• CountCellsByColor– counts cells with the specified background color.In the above example, we used the following formula to count cells by color =CountCellsByColor(F2:F14,A17) where F2:F14 is the selected range and A17 is the cell with the needed background color. You can use all other formulas listed below in a similar way.
  • CountCellsByFontColor – counts cells with the specified font color.
Formulas to sum by color:
  • SumCellsByColor – calculates the sum of cells with a certain background color.
  • SumCellsByFontColor – calculates the sum of cells with a certain font color.
Formulas to get the color code:
  • GetCellFontColor – returns the color code of the font color of a cell.
  • GetCellColor – returns the color code of the background color of a cell.

The formula to get the color code

Well, counting cells based on color and getting the sum of colored cells was pretty easy, wasn’t it? Of course if you have that little VBA gem that makes the magic happen : ) But what if you do not color cells manually and rather use conditional formatting, as we discussed in these two articles How to change the background color of cells and How to change a row’s color based on cell value?

How to count by color and sum cells colored using conditional formatting

If you have applied conditional formatting to color cells based on their values and now you want to count cells by color or sum the values in colored cells, I have bad news – there is no universal user-defined function that would sum by color or count color cells and output the resulting numbers directly in the specified cells. At least, I am not aware of any such function, alas : (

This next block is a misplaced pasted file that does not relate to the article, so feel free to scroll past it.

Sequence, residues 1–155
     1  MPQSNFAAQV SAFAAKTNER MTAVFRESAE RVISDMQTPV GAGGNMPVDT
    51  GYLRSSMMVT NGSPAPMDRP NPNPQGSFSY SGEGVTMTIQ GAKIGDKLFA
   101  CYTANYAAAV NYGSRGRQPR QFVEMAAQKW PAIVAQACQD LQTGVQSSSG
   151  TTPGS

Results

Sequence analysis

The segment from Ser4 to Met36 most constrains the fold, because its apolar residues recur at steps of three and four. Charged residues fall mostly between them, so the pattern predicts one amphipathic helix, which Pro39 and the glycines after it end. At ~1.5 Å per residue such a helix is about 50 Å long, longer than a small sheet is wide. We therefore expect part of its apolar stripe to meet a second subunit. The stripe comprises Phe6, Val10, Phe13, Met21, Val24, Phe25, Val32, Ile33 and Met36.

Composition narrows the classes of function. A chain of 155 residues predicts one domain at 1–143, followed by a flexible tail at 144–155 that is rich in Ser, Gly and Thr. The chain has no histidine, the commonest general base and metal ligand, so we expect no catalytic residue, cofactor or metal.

Of course, you can find tons of VBA code on the Internet that attempts to do this, but all those codes (at least the examples I’ve come across, do not process conditional formatting such as “Format all cells based on their values“, “Format only top or bottom ranked values“, “Format only values that are above or below average“, “Format only unique or duplicate values“. Besides that nearly all those VBA codes have a number of specificities and limitations because of which they may not work correctly with certain workbooks or data types. All in all, you can try your luck and google for an ideal solution and if you happen to find one, please do come back and post your finding here!

The VBA code below overcomes the above mentioned limitations and works in Microsoft Excel 2010 and Excel 2013 spreadsheets with all types of condition formatting (kudos to Alex again!). As a result, it displays the number of colored cells and the sum of values in those cells, no matter which type of conditional formats are used in a sheet.

Sub SumCountByConditionalFormat()
    Dim indRefColor As Long
    Dim cellCurrent As Range
    Dim cntRes As Long
    Dim sumRes
    Dim cntCells As Long
    Dim indCurCell As Long

    cntRes = 0
    sumRes = 0